Industrial Robotics Companies to Watch Out for in 2020

The role of robots is increasing in the automation of business processes. Robots are even touching human life and are also being used in customer-facing roles.

Evolution of Embedded Vision Technologies for Robotics

The traditional vision architecture is changing, with an evolution from cameras and sensors to networked and smart-enabled, compact embedded devices with the processing power required for real-time analysis.

Why Repeatability and Accuracy are Different in Motion and Positioning Related Applications

The terms accuracy and repeatability are often used interchangeably. However, accuracy is not possible without repeatability, but repeatability is achievable without accuracy. There are other errors, too, non-linearity errors, and linearity errors caused by thermal effects.

The Future of Unmanned Operations in Harsh Environments Requires Innovation

Hirth Engines Head of International Business Development, Peter Lietz, highlights the importance for engine manufacturers to advance endurance capabilities of unmanned aerial vehicles (UAVs) in extreme terrains.

Researchers create new kind of robot composed of many simple particles with no centralized control or single point of failure

In a new study published today in Nature, researchers at Columbia Engineering and MIT Computer Science & Artificial Intelligence Lab (CSAIL) demonstrate for the first time a way to make a robot composed of many loosely coupled components, or "particles."

DC Motors as Generators

Both brushed and brushless DC motors can be operated as generators. However, there are some important points to consider when designing the drive.

A Step Closer to Self-Aware Machines - Columbia engineers create a robot that can imagine itself

Columbia Engineering researchers have made a major advance in robotics by creating a robot that learns what it is, from scratch, with zero prior knowledge of physics, geometry, or motor dynamics.

ASU's Southwest Robotics Symposium previews the new technology guiding the next wave of human-robot interaction

"We can rely on the brain of the human and the muscles, eyes and sense of touch of the robot in places where humans cannot, or should not, be," said Khatib. "For example, we will be able to safely repair underwater structures

Power Density in Robotics

One of the basic requirements for the drives of mobile robots is high power density. For robots, this usually means high torque while taking up the smallest possible space.

"Robotics Skins" turn everyday objects into robots

Developed in the lab of Yale's Rebecca Kramer-Bottiglio, NASA-inspired robotic skins enable users to turn soft objects - a stuffed animal or a foam tube, for instance - into robots.

Festo Underwater robot with unique fin drive

The BionicFinWave uses its two side fins to move along. They are completely cast from silicone and do without struts or other support elements. This makes them extremely flexible and thus able to implement the fluid wave movements of their biological role models

Worcester Polytechnic Institute Professor Developing Origami-Inspired Robots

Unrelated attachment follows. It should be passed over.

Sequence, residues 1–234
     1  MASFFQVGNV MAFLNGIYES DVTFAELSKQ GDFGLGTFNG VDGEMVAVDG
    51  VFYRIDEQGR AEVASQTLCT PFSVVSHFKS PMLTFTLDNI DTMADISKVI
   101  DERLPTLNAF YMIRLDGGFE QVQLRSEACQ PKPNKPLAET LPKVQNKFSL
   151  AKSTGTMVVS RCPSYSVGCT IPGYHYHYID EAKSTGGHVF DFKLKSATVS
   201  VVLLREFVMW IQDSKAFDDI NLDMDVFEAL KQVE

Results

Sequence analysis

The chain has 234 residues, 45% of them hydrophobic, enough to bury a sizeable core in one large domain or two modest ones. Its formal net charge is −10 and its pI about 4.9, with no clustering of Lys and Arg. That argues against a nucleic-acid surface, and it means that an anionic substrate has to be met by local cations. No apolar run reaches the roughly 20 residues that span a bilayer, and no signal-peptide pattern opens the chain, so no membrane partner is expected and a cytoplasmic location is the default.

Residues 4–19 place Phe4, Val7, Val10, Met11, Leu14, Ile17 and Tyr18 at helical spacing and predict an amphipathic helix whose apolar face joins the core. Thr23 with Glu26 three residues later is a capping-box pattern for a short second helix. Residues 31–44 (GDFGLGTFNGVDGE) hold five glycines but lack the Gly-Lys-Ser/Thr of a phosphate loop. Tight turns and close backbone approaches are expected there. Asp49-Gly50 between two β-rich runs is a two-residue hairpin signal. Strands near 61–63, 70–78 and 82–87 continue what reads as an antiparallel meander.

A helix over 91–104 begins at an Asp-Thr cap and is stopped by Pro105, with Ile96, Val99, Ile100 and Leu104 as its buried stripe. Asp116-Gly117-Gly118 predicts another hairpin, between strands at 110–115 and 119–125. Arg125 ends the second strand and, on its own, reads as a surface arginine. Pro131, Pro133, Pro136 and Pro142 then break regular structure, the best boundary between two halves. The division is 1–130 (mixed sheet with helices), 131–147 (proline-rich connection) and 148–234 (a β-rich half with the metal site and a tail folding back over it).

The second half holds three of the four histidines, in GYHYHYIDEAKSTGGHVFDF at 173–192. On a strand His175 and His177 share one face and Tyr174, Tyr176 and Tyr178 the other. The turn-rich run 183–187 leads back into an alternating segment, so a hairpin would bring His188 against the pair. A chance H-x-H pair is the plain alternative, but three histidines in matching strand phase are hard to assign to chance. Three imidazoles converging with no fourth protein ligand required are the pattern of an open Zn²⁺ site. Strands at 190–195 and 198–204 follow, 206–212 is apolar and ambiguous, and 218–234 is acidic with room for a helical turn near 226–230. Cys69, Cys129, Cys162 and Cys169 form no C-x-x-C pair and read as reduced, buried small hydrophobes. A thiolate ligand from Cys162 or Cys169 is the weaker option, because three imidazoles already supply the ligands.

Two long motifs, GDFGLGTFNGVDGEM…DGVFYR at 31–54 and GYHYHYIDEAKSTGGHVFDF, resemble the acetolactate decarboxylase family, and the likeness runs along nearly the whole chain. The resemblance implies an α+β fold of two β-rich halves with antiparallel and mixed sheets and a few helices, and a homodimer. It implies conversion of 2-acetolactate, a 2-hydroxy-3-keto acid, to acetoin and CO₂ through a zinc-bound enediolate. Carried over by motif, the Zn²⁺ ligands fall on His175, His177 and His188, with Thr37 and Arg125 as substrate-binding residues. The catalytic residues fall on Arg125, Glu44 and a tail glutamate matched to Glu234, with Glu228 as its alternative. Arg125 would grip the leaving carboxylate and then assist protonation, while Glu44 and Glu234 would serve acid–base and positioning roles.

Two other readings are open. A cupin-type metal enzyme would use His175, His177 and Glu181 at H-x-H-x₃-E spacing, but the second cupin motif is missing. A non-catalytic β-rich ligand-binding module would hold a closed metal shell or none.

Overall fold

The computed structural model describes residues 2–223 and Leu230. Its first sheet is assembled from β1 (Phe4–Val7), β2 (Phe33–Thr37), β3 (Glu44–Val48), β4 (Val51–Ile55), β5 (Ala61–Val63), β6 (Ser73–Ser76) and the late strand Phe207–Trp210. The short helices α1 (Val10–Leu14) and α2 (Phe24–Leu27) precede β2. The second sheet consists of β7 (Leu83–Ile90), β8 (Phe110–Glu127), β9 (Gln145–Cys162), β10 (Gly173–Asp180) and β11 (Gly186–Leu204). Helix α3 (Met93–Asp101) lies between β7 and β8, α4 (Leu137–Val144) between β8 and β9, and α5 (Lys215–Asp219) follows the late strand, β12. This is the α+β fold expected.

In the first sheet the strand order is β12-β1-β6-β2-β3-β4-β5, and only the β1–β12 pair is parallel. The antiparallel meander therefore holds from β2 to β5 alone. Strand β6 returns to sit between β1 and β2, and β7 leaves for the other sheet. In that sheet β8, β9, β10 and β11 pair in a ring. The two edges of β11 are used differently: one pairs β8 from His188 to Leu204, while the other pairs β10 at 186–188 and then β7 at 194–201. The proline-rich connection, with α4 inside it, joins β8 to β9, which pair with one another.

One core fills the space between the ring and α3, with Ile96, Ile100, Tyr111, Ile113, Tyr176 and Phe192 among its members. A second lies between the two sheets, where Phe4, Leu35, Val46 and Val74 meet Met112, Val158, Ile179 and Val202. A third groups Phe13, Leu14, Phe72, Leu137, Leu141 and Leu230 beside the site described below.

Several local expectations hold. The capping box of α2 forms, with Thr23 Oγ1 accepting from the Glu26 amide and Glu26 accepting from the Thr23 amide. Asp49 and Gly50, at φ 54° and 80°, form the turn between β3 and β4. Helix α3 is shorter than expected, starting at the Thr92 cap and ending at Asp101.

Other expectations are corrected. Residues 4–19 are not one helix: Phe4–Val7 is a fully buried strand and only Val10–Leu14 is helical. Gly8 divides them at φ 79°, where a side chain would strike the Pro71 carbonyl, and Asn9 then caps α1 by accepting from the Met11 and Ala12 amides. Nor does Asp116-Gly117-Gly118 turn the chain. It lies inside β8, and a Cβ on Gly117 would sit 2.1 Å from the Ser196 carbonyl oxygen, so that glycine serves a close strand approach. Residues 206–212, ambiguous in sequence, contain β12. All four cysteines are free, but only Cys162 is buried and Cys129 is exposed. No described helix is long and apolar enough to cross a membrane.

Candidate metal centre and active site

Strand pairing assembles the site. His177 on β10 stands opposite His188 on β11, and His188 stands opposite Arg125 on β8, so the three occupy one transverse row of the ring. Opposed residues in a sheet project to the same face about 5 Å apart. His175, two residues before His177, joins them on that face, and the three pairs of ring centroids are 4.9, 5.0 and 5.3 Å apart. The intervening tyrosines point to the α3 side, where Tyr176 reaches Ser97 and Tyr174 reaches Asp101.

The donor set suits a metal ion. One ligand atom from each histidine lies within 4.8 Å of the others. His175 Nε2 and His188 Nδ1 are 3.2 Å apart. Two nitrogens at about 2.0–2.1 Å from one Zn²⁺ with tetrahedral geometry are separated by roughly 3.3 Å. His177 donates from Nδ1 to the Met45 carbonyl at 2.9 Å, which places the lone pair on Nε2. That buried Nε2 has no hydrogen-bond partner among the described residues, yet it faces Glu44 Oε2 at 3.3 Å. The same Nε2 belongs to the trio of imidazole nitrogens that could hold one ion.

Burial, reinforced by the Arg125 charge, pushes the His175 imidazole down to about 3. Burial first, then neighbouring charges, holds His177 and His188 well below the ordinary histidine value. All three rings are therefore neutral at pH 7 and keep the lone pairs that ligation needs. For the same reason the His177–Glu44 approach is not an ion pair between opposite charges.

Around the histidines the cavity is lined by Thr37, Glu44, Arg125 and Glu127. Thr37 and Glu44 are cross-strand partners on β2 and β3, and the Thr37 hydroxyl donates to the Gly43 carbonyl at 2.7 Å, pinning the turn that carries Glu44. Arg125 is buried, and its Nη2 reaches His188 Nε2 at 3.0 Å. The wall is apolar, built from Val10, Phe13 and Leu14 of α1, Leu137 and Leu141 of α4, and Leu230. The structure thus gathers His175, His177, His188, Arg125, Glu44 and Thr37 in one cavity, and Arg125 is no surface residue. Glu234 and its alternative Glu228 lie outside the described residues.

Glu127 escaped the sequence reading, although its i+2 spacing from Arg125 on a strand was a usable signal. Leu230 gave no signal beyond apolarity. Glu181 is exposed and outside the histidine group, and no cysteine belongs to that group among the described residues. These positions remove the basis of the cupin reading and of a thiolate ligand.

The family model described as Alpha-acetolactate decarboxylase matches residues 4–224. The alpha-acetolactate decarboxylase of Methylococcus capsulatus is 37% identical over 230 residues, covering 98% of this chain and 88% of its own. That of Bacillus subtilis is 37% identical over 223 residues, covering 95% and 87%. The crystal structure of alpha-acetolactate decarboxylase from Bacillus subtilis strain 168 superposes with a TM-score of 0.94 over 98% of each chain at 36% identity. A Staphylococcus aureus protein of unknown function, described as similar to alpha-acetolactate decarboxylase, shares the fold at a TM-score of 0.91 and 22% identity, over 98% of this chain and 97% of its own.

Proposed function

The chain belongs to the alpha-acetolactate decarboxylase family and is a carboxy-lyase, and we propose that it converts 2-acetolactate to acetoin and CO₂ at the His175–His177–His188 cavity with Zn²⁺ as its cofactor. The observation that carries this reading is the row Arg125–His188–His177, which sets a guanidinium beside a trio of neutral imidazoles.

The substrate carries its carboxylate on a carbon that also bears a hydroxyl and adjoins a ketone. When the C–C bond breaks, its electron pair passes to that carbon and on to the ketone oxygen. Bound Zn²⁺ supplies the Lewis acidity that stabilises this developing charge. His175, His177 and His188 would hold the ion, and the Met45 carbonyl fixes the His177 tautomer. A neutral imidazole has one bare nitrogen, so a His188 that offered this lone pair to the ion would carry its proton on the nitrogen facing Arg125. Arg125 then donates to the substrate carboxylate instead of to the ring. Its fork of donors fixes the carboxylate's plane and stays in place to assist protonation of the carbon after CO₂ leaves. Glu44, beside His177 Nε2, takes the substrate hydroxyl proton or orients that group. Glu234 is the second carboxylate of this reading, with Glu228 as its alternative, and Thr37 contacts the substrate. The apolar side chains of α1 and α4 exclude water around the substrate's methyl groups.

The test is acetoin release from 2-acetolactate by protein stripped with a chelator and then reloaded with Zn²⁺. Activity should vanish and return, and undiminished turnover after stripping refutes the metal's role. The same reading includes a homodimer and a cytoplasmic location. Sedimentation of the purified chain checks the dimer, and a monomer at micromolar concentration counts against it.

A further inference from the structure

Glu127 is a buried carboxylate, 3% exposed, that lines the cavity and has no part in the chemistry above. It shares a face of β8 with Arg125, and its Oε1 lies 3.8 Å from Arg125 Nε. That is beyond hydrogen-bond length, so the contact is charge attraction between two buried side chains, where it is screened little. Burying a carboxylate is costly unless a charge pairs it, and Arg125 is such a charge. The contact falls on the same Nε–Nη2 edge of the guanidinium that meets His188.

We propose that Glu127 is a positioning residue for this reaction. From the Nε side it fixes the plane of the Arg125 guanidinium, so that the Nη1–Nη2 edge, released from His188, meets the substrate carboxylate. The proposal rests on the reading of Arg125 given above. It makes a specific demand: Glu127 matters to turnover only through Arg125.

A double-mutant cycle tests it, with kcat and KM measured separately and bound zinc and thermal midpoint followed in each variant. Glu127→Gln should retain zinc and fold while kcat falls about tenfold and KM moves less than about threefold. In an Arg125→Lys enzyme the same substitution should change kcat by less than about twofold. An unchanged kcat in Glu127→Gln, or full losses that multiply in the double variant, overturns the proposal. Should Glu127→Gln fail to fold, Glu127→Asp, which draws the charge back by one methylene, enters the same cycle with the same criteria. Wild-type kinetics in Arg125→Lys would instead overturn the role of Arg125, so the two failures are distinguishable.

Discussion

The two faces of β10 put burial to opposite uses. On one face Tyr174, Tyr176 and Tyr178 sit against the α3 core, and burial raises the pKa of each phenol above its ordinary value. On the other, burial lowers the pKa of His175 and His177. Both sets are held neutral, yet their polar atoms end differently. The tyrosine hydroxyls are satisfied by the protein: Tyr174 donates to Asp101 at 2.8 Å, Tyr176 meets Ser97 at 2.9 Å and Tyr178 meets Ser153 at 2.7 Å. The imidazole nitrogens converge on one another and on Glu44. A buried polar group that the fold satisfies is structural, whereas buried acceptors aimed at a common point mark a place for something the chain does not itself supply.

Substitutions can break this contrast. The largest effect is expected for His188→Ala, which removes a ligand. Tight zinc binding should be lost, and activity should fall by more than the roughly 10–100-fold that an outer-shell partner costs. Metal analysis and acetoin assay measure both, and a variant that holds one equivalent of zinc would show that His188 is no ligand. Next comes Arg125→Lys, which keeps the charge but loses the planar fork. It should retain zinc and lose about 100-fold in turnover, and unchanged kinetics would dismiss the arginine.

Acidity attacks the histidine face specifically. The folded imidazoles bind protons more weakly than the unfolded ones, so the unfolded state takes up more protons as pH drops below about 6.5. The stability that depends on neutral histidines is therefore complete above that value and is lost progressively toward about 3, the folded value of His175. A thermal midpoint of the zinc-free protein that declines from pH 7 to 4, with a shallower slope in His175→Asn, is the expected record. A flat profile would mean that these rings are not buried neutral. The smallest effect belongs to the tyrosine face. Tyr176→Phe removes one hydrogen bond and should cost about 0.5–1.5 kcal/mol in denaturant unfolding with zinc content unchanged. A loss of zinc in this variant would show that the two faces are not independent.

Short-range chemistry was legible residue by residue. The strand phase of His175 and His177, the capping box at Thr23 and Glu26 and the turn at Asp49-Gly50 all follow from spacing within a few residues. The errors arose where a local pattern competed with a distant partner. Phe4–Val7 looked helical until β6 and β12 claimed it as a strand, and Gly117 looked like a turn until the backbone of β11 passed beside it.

Professor Cagdas Onal receives $500,000 grant for robots that combine soft and rigid properties; Robots can help in disaster zones or assist those physically challenged with everyday tasks

Rutgers Researchers Create a 3D-Printed Smart Gel That Walks Underwater, Moves Objects

The watery creation could lead to soft robots that mimic sea animals like the octopus, which can walk underwater and bump into things without damaging them.

The Next Big Breakthrough in Robotics

Bill Ibelle for News@NorthEastern: While drones and driverless cars dominate the headlines, another breakthrough-robot dexterity-is likely to have an even greater impact in both business and everyday life

MIT Develops Autonomous "Socially Aware" Robot Using Jackal UGV

The problem of navigating safely among pedestrians poses unique challenges. These include the increased unpredictability of pedestrians actions, as well as the lack of navigation guidelines, such as lane lines.

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Schmalz Technology Development - Vacuum Generation without Compressed Air - Flexible and Intelligent

Schmalz Technology Development - Vacuum Generation without Compressed Air - Flexible and Intelligent

• Vacuum generation that's 100% electrical; • Integrated intelligence for energy and process control; • Extensive communication options through IO-Link interface; Schmalz already offers a large range of solutions that can optimize handling process from single components such as vacuum generators to complete gripping systems. Particularly when used in autonomous warehouse, conventional vacuum generation with compressed air reaches its limits. Compressed air often is unavailable in warehouses. Schmalz therefore is introducing a new technology development: a gripper with vacuum generation that does not use compressed air. The vacuum is generated 100% electrically. This makes the gripper both energy efficient and mobile. At the same time, warehouses need systems with integrated intelligence to deliver information and learn. This enables the use of mobile and self-sufficient robots, which pick production order at various locations in the warehouse. Furthermore, Schmalz provides various modular connection options from its wide range of end effectors in order to handle different products reliably and safely.